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From Threatened To Celebrated: North Texas Educator June Williams Davis Writing New Chapter In Black History

by Robbie Owens | CBS 11

CROWLEY, Texas (CBSDFW.COM) - As a teenager growing up in East Texas, June Williams Davis has vivid memories of a world not ready to change.

"I can remember growing up in Texarkana... and having colored water fountains and white water fountains," she shares. But change was coming-- whether the community wanted it or not. Her senior year spent not just studying history-- but, making it. Hers was the class that integrated the all white high school.

"Those were some turbulent times, turbulent times," she recalls, saying no one really knew what to expect. "Our teachers tried to prepare us as best they could... but at the same time they wanted us to be prepared and they wanted to ensure that we always did the right thing that we didn't go looking for trouble."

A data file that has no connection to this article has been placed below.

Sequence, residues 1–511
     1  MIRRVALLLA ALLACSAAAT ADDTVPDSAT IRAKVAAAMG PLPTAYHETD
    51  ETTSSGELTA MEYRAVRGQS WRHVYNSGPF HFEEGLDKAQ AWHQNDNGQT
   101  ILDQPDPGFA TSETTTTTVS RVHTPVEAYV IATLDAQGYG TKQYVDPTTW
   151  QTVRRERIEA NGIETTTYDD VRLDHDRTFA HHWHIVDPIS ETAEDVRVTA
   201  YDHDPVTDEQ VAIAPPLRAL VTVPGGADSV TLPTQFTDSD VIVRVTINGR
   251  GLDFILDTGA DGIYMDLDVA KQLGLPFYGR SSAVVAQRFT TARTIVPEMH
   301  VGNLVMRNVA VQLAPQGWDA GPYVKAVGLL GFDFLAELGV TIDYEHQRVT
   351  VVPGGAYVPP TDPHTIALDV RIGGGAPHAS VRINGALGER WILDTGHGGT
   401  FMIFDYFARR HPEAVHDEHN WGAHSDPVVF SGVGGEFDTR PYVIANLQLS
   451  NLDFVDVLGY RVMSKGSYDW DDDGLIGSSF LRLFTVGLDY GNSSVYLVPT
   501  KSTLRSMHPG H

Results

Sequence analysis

Years later, 'good trouble'-- as the late Congressman John Lewis would call it-- found Davis again. In 2003, she was the first African American elected to the Crowley ISD Board of Trustees: unwittingly becoming a symbol of change, that not everyone supported."

"And this gentleman came up to me, kind of in my face... pounding his fist on the table and telling me it was all my fault," she recalls, explaining that the man was angry that black families were moving into the district. "And that it
was my fault, because I'm black."

Davis later provided a police escort to ensure her safety at meetings. Still, she kept serving and working to support students-- eventually becoming school board president. But, Crowley wasn't done with Davis just yet.

"I fell totally apart, to the point that I couldn't speak," she recalls of the meeting surprise. Her colleagues two years ago recognizing Davis' many years of service by naming a school in her honor.

"I am so humbled by think that... I'm gonna get teary," she admits with watery eyes. "To think people, my fellow board members felt I was worthy of that honor. Yeah."

Davis' life an example of the ordinary, extraordinary courage still writing chapters for the next generation.

"It's kind of surreal. Because, again, you know, I do what I do for the students, and never in my wildest dreams, did I even think anything like that would happen. I just didn't. I just didn't."

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